Canada's Political System

Canada's political system is based on that of the United Kingdom. It is a constitutional monarchy, which means that we recognize the Queen or King as the Head of State, while the Prime Minister is the Head of Government.

Canada's Parliament is composed of the Queen of Canada (who is officially represented by the Governor General), the Senate and the House of Commons. The Senate has 105 seats and its members are appointed by the Governor General on the recommendation of the Prime Minister. The House of Commons consists of 338 members who are elected by Canadian citizens in general elections and by-elections.

According to Canada's Constitution, elections are held at least once every five years. However, an election may be called earlier if the Governor General accepts the Prime Minister's advice to dissolve Parliament. An election may also be called earlier if the Governor General accepts the resignation of the Prime Minister after the Government has been defeated on a motion of confidence in the House and the Governor General does not ask the leader of another party to become Prime Minister and form a government. In 2007, Parliament passed Bill C-16, which established fixed election dates every four years on the third Monday in October.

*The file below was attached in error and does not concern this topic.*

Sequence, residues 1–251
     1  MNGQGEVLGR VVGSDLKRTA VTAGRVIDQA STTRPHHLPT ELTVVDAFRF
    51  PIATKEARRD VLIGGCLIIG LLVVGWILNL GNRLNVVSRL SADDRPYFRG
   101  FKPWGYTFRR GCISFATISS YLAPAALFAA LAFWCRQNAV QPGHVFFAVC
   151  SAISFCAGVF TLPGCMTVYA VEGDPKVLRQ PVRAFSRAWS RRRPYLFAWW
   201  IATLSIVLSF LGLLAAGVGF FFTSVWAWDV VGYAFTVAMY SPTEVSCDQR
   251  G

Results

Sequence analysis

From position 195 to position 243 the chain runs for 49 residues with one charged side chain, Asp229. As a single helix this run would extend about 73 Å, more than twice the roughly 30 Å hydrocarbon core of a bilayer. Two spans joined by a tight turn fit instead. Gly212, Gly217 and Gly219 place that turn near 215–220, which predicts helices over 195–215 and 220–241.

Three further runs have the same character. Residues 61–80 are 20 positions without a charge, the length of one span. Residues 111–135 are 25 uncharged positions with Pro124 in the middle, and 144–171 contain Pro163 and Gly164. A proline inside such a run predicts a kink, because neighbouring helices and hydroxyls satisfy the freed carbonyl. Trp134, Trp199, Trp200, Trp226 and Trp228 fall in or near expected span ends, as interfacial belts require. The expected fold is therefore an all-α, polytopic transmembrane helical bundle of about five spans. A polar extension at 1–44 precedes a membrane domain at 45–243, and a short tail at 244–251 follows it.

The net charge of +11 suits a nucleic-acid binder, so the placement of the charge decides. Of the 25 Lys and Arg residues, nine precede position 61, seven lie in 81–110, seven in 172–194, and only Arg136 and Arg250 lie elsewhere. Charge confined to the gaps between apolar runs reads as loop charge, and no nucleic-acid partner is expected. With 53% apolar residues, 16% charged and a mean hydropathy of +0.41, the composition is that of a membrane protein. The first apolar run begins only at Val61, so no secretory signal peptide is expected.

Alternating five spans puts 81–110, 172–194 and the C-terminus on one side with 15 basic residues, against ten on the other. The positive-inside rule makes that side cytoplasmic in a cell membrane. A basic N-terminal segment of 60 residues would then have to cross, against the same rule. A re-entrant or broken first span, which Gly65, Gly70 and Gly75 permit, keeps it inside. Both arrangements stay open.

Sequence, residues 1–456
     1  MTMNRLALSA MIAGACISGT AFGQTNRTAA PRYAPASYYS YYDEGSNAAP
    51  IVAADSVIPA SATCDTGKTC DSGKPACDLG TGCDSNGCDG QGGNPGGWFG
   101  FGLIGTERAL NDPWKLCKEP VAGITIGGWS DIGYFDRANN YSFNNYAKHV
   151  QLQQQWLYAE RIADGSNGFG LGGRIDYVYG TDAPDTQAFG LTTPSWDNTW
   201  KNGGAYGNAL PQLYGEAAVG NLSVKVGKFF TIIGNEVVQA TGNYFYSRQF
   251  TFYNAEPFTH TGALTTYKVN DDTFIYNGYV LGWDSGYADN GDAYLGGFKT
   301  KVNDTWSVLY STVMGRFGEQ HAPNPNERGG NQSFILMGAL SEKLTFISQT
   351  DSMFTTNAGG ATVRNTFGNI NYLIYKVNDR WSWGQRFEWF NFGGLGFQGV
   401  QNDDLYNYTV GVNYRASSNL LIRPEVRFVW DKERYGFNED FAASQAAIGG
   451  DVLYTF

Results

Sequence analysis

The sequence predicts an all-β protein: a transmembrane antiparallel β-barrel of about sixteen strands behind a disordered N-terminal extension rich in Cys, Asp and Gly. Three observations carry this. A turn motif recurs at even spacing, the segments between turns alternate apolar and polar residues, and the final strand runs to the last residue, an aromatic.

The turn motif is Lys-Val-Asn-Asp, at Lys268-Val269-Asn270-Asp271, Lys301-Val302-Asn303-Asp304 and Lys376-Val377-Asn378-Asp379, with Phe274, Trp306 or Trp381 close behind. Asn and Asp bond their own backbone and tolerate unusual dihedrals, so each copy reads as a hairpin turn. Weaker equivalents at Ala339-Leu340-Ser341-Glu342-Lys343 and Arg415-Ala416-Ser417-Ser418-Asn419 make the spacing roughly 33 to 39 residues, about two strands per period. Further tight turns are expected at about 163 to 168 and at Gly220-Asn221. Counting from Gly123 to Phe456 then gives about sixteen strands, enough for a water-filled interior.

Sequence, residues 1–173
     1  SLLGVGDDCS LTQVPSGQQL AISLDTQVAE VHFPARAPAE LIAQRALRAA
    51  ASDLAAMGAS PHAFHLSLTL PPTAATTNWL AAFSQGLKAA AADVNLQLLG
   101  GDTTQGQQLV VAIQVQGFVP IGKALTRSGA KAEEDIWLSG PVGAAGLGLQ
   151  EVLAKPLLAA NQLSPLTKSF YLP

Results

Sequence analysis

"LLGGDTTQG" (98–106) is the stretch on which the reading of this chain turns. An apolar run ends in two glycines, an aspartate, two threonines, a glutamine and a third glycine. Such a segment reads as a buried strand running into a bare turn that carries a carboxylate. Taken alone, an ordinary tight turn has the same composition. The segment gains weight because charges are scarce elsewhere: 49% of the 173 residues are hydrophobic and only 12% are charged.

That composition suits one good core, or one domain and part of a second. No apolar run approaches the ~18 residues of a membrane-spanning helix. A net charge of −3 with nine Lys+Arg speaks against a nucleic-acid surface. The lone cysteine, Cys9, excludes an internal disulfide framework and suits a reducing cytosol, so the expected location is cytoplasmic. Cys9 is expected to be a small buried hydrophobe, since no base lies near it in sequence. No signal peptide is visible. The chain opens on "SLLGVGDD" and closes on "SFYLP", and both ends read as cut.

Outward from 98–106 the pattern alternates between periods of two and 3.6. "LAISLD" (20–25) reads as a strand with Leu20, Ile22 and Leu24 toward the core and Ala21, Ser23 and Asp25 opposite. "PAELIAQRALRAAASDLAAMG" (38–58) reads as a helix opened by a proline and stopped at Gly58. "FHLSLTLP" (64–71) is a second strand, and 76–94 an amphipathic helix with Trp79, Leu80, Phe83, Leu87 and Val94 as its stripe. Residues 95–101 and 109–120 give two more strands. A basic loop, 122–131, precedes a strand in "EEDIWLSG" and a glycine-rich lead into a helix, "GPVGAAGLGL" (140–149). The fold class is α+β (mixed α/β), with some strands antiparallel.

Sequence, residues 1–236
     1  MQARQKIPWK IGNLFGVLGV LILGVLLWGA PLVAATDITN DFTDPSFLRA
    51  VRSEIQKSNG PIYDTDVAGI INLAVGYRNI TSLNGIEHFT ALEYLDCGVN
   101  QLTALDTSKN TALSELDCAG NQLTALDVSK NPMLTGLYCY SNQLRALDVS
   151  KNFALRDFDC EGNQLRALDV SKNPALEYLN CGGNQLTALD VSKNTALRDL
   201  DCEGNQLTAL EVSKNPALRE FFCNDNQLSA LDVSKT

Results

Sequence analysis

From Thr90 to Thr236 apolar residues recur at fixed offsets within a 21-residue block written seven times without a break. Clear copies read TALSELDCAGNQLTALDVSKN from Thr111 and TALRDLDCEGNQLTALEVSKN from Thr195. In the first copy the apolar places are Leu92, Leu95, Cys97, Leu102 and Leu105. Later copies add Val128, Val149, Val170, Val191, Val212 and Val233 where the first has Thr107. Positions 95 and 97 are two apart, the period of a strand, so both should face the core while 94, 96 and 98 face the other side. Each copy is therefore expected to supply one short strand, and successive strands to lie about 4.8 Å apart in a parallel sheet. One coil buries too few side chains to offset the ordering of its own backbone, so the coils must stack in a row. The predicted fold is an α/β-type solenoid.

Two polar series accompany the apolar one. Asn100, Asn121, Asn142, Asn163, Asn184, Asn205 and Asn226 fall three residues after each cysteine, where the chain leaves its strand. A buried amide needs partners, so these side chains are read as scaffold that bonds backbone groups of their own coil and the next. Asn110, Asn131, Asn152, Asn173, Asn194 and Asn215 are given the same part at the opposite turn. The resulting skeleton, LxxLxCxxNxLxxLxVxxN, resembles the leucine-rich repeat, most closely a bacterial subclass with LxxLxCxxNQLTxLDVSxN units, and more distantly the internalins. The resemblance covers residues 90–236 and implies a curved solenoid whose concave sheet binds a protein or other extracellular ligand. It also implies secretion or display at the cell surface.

Representation in the House of Commons is based on geographical divisions known as "electoral districts," commonly referred to as "ridings". The number of electoral districts is established by a formula set out in the Constitution Act, 1867, and one member of Parliament (MP) is elected in each electoral district. Canada currently has 338 ridings.

Canada's electoral system is referred to as a "single-member plurality" or "first-past-the-post" system. In every electoral district, the candidate with the highest number of votes wins a seat in the House of Commons and represents that electoral district as its MP. An absolute majority (more than 50 percent of the votes in the electoral district) is not required for a candidate to be elected.

Voting in Canada is by secret ballot. The security of the ballot is paramount, and the system makes it impossible to discover who any voter has voted for.

Further reading:

Link to Elections Canada